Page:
Researchers create method for more sensitive electrochemical sensors

Jan 17, 2013

Graphene and related materials hold promise for the future of electrochemical sensors—detectors that measure the concentration of oxygen, toxic gases, and other substances—but many applications require greater sensitivity at lower detection ranges than scientists have been able to achieve.

A Northwestern University research team and partners in India have recently developed a new method for amplifying signals in graphene oxide-based electrochemical sensors through a process called "magneto-electrochemical immunoassay." The findings could open up a new class of technologies with applications in medicine, chemistry, and engineering.

Researchers from Northwestern's McCormick School of Engineering and Applied Science, the Northwestern International Institute for Nanotechnology (IIN), the Northwestern University Atomic and Nanoscale Characterization Experimental (NUANCE) Center, and the Institute for Microbial Technology (IMTECH)-India, a national laboratory of India, contributed to the research.

A paper about the work, "Enhancing Electrochemical Detection on Graphene Oxide-CNT Nanostructured Electrodes Using Magneto-Nanobioprobes," was published November 19 in Nature Scientific Reports.

Graphene-based nanocomposite films have recently been used as an effective sensing platform for the development of electrochemical sensors and biosensors because of their unique facile surface modification characteristics and high charge mobility.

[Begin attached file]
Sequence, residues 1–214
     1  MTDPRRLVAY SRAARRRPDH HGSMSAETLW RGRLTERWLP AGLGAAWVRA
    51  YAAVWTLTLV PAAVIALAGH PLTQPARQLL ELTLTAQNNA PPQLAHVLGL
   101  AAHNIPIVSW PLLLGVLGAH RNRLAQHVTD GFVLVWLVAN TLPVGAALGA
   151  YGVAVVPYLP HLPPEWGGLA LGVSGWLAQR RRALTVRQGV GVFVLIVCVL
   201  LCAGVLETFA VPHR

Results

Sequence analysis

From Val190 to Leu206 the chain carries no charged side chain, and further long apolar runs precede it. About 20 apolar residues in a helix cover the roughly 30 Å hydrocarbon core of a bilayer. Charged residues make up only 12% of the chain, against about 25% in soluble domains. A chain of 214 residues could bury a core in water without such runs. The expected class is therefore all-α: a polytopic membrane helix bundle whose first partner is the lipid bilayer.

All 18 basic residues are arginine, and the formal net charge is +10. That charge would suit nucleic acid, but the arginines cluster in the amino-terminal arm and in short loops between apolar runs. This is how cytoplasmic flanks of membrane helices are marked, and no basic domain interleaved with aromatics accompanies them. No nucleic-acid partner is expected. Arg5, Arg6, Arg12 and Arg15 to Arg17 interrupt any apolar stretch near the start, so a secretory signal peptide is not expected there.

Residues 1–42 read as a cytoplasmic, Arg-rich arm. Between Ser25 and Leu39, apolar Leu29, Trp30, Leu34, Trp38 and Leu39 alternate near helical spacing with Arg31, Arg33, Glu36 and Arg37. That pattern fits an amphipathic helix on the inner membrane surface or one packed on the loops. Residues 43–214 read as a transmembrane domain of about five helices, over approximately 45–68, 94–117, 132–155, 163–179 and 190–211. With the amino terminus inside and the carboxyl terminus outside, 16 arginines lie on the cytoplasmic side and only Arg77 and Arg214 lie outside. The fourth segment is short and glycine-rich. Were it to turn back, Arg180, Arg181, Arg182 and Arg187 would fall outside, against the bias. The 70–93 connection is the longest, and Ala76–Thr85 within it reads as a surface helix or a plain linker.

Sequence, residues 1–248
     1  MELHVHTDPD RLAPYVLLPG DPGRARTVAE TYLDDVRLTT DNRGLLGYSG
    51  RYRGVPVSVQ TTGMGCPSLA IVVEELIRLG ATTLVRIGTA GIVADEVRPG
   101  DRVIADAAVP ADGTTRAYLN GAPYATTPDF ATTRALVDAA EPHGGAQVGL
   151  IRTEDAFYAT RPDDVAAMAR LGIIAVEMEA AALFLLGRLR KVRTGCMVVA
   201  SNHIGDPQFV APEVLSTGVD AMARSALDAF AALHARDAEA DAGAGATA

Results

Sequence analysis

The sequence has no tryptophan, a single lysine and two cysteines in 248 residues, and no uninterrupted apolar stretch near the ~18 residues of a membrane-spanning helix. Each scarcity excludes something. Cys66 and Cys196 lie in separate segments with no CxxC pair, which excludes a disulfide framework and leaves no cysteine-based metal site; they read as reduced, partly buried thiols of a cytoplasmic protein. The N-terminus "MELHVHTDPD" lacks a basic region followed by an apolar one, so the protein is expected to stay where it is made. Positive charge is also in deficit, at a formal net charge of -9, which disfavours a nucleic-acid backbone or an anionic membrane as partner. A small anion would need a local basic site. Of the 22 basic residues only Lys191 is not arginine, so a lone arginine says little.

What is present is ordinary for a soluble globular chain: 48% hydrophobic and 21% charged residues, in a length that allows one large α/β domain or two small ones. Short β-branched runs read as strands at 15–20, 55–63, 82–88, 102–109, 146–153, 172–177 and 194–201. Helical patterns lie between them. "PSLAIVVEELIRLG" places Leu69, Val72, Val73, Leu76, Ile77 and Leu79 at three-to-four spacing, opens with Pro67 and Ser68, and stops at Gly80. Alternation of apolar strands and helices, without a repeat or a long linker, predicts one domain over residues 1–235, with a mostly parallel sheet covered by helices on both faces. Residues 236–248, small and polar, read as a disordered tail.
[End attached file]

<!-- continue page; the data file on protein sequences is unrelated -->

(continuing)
The researchers' new concept combines the advantages carbon nanotubes and reduced graphene oxide together with electrochemical bursting of magnetic into a large number of metal ions.

High sensitivity was achieved by precisely designing the nanohybrid and correlating the available with analyte concentration. The researchers used tiny encapsulated in inert coating of to make core-shell nanostructures with favorable magnetic properties of metallic iron while preventing them from oxidation or significant degradation. They were then coated with gold because of its chemical inertness and biocompatibility.

This novel immune-detection platform shows potential for rapid and sensitive screening of environmental pollutants or toxins in samples. Researchers reported the ultrahigh sensitivity of this method for a new generation of herbicide diuron and its analogues up to sub-picomolar concentration in standard water samples. The process also proved to be efficient and cost-effective: tens of thousands of screen-printed electrodes can be manufactured quite readily with low cost for such hybrid assay.

Explore further: Engineers discover new method to determine surface properties at the nanoscale

Related Stories

Scientists produce graphene using microorganisms

Mar 22, 2012

The Graphene Research Group at Toyohashi University of Technology (Japan) reports on the synthesis of graphene by reducing graphene oxide using microorganisms extracted from a local river.

Recommended for you

New 2-D quantum materials for nanoelectronics

Nov 21, 2014

Researchers at MIT say they have carried out a theoretical analysis showing that a family of two-dimensional materials exhibits exotic quantum properties that may enable a new type of nanoscale electronics.

Thin film produces new chemistry in 'nanoreactor'

Nov 19, 2014

Physicists of the University of Groningen and the FOM Foundation, led by professor Beatriz Noheda, have discovered a new manganese compound that is produced by tension in the crystal structure of terbium manganese oxide. ...

User comments : 0

Please sign in to add a comment. Registration is free, and takes less than a minute. Read more

Click here to reset your password.
Sign in to get notified via email when new comments are made.